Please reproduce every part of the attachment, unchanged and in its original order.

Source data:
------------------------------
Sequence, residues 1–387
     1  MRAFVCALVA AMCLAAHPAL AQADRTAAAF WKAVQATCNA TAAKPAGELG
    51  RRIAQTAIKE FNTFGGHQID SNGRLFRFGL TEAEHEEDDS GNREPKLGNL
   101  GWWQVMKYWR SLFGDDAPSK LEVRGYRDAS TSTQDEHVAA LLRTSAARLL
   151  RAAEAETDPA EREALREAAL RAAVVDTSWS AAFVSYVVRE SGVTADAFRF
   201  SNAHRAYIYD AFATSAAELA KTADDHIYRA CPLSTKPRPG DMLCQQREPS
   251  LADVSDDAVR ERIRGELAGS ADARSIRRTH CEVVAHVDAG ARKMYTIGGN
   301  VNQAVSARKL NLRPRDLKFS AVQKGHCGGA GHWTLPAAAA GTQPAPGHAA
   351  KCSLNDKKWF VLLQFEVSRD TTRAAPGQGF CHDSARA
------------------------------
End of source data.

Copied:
Sequence, residues 1–387
     1  MRAFVCALVA AMCLAAHPAL AQADRTAAAF WKAVQATCNA TAAKPAGELG
    51  RRIAQTAIKE FNTFGGHQID SNGRLFRFGL TEAEHEEDDS GNREPKLGNL
   101  GWWQVMKYWR SLFGDDAPSK LEVRGYRDAS TSTQDEHVAA LLRTSAARLL
   151  RAAEAETDPA EREALREAAL RAAVVDTSWS AAFVSYVVRE SGVTADAFRF
   201  SNAHRAYIYD AFATSAAELA KTADDHIYRA CPLSTKPRPG DMLCQQREPS
   251  LADVSDDAVR ERIRGELAGS ADARSIRRTH CEVVAHVDAG ARKMYTIGGN
   301  VNQAVSARKL NLRPRDLKFS AVQKGHCGGA GHWTLPAAAA GTQPAPGHAA
   351  KCSLNDKKWF VLLQFEVSRD TTRAAPGQGF CHDSARA